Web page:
Describing the fecal metabolome in cryogenically collected samples from healthy participants


Kajetan Trošt, Linda Ahonen, Tommi Suvitaival, Nina Christiansen, Trine Nielsen, Maja Thiele, Suganya Jacobsen, Aleksander Krag, Peter Rossing, Torben Hansen, Lars Ove Dragsted & Cristina Legido-Quigley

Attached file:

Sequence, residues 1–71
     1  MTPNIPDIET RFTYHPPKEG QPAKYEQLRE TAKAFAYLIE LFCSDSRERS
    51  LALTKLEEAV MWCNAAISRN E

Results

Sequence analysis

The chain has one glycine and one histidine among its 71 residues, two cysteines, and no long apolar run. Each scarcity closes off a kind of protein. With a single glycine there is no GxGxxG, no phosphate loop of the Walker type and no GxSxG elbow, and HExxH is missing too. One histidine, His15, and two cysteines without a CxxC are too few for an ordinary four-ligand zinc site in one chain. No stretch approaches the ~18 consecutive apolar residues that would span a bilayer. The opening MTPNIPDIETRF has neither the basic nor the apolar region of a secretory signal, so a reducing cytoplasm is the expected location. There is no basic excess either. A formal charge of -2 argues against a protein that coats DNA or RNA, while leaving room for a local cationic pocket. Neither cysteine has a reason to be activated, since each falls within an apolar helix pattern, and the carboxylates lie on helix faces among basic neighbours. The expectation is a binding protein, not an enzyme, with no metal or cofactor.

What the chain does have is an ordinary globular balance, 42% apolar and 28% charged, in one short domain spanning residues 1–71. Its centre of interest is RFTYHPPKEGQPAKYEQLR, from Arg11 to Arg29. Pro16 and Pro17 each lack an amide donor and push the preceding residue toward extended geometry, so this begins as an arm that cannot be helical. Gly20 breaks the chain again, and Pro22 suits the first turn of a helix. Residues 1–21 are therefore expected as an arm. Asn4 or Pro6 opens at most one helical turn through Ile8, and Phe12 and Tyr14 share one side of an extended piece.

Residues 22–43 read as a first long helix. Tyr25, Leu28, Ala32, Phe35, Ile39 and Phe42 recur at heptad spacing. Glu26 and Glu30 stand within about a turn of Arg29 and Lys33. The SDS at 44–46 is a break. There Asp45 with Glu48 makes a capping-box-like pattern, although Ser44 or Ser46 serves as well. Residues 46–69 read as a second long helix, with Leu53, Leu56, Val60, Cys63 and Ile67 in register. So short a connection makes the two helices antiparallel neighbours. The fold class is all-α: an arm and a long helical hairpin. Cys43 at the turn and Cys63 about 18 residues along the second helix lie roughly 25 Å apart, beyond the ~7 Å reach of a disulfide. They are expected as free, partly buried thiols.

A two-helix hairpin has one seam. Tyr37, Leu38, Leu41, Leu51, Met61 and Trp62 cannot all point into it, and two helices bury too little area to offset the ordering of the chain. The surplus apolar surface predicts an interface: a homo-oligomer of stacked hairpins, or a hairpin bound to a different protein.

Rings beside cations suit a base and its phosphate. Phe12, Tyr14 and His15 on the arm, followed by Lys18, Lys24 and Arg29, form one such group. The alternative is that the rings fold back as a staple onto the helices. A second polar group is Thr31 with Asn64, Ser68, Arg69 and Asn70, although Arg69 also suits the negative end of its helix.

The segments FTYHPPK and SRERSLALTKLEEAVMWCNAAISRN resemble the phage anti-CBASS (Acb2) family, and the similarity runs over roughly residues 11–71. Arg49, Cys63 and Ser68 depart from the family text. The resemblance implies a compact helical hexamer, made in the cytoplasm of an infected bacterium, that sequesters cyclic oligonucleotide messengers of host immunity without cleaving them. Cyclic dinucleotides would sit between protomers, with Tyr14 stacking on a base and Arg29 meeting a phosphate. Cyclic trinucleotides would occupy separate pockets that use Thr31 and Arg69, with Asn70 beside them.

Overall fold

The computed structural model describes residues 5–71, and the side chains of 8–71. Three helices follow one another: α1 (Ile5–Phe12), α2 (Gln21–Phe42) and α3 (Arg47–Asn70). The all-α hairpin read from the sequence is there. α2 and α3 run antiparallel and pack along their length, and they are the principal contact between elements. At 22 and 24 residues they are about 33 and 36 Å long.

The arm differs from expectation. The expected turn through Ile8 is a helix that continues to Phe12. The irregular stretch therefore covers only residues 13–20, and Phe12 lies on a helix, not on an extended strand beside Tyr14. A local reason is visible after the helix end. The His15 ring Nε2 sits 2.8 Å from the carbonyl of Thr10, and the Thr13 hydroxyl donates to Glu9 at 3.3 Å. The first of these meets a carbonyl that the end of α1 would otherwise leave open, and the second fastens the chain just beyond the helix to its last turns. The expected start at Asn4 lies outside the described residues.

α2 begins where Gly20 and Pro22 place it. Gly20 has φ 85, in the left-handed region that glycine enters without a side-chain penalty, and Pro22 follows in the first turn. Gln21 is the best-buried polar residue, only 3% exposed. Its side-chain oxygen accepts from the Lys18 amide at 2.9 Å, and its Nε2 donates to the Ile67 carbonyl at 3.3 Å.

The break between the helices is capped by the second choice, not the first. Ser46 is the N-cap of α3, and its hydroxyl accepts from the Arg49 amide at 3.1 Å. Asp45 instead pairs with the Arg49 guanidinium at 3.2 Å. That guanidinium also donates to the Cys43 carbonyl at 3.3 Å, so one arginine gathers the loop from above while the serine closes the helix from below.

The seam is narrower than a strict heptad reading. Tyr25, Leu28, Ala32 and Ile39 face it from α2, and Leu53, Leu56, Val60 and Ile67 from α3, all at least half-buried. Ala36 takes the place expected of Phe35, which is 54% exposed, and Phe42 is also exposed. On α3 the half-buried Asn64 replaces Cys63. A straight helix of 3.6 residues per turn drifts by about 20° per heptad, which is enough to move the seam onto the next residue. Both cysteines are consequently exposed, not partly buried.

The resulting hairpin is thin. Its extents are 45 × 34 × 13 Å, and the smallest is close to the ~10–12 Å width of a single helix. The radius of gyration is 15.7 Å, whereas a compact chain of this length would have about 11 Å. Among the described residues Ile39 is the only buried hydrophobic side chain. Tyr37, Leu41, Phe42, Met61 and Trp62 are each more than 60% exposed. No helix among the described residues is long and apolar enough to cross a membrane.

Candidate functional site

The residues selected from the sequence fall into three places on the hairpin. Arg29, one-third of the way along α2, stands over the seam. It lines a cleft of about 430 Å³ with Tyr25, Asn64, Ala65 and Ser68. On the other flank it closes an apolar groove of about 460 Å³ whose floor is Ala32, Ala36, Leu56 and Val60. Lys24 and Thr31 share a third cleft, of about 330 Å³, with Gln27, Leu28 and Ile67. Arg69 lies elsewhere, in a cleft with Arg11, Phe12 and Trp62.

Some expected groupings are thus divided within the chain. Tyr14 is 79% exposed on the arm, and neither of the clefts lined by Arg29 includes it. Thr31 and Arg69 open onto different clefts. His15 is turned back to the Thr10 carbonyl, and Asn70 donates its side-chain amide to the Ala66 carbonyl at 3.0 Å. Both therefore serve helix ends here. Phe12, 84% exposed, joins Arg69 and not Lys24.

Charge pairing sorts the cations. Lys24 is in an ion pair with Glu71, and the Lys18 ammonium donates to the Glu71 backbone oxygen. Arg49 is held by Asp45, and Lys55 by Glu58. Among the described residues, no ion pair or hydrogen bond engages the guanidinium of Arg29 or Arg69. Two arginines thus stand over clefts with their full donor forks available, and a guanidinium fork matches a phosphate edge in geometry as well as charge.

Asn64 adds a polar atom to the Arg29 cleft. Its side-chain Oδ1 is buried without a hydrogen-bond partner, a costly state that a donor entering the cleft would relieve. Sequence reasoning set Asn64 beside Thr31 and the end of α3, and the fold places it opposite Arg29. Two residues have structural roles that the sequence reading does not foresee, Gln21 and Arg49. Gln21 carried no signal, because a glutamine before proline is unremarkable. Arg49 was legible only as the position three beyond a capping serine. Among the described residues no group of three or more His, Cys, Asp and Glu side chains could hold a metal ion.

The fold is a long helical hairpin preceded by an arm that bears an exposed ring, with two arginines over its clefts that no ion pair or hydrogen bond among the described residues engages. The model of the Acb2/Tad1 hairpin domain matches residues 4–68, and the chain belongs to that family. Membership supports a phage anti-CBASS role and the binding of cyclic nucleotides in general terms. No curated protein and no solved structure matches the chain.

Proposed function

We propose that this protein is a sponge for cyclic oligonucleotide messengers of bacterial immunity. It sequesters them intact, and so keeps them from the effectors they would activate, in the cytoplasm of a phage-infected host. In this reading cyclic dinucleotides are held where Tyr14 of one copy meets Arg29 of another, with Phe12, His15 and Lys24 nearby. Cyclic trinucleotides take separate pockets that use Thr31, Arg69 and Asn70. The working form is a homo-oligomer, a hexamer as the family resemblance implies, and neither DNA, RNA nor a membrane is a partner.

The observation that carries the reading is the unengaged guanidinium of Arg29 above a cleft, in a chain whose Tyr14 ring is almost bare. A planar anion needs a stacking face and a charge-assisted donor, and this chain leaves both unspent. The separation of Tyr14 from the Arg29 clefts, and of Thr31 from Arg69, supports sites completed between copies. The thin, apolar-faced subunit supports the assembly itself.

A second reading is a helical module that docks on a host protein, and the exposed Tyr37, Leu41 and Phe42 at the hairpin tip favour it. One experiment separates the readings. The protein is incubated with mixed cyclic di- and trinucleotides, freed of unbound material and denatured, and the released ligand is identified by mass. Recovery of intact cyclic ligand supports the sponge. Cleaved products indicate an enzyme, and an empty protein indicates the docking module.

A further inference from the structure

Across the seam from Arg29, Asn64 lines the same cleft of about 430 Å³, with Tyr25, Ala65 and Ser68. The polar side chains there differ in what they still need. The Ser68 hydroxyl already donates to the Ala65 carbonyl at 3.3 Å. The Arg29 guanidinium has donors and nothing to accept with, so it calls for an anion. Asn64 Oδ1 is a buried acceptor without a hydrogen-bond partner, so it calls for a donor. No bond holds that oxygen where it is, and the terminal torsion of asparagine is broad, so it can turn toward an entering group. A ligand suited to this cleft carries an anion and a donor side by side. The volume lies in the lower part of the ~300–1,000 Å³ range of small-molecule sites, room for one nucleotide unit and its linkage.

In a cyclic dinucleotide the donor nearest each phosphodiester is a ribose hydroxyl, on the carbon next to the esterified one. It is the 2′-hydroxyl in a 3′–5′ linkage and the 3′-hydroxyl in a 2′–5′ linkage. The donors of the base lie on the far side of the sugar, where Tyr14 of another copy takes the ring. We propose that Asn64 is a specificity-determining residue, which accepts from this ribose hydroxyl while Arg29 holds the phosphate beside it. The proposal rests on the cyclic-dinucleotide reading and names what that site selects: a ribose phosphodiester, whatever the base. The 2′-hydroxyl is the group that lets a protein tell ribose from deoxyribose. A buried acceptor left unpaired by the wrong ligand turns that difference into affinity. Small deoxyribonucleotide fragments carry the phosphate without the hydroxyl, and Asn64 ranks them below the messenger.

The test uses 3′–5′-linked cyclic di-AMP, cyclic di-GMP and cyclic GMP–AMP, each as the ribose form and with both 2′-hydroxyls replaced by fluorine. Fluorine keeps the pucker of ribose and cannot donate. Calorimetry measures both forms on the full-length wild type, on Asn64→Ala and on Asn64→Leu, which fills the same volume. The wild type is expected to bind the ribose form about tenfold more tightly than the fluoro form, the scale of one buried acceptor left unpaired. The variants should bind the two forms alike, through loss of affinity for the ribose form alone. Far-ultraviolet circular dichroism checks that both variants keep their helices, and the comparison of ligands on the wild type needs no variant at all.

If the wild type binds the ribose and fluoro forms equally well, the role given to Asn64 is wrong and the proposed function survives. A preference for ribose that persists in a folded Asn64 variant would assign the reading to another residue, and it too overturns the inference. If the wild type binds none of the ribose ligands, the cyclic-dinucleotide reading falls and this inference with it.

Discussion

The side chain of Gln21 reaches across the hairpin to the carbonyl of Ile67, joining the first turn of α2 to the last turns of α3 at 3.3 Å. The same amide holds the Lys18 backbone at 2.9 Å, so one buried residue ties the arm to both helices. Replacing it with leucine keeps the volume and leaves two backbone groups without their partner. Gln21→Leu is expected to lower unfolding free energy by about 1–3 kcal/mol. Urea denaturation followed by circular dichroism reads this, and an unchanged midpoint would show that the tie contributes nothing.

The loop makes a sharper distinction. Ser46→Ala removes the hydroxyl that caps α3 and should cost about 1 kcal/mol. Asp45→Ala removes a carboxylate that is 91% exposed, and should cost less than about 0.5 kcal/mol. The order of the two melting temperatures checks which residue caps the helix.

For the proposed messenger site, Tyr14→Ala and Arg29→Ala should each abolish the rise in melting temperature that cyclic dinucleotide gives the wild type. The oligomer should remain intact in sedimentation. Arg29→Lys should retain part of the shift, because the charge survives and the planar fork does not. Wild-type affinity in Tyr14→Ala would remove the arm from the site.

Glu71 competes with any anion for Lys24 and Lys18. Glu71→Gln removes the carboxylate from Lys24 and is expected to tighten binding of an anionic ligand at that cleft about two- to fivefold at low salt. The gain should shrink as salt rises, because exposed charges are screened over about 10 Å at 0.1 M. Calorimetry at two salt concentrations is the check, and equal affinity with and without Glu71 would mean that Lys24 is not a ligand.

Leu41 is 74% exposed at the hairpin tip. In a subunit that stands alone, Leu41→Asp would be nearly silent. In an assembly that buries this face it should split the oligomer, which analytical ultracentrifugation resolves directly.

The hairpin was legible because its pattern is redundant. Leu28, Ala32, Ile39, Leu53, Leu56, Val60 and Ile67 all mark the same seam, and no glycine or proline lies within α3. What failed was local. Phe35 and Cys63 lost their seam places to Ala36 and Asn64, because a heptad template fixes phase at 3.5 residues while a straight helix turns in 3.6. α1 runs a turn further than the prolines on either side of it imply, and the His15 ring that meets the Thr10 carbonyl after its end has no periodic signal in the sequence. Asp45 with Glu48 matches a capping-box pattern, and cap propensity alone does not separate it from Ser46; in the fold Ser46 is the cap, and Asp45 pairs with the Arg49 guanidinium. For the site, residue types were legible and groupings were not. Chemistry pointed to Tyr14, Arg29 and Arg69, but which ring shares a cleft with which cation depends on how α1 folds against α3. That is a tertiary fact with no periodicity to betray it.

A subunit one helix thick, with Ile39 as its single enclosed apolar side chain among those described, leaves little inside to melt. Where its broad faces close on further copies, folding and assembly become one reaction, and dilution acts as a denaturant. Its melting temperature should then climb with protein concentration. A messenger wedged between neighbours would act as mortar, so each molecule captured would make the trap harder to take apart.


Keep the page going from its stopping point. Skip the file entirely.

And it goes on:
The chemical composition of feces plays an important role in human metabolism. Metabolomics and lipidomics are valuable tools for screening the metabolite composition in feces. Here we set out to describe fecal metabolite composition in healthy participants in frozen stools. Frozen stool samples were collected from 10 healthy volunteers and cryogenically drilled in four areas along the specimen. Polar metabolites were analyzed using derivatization followed by two-dimensional gas chromatography and time of flight mass spectrometry. Lipids were detected using ultra high-performance liquid chromatography coupled with quadruple time-of-flight mass spectrometry. 2326 metabolic features were detected. Out of a total of 298 metabolites that were annotated we report here 185 that showed a technical variation of x < 30%. These metabolites included amino acids, fatty acid derivatives, carboxylic acids and phenolic compounds. Lipids predominantly belonged to the groups of diacylglycerols, triacylglycerols and ceramides. Metabolites varied between sampling areas, some were broadly homogeneous, others varied 80%. A LASSO-computed network using metabolites present in all areas showed two main clusters describing the system, DAG lipids and phenyllactic acid. In feces from healthy participants, the main groups detected were phenolic compounds, ceramides, diacylglycerols and triacylglycerols.

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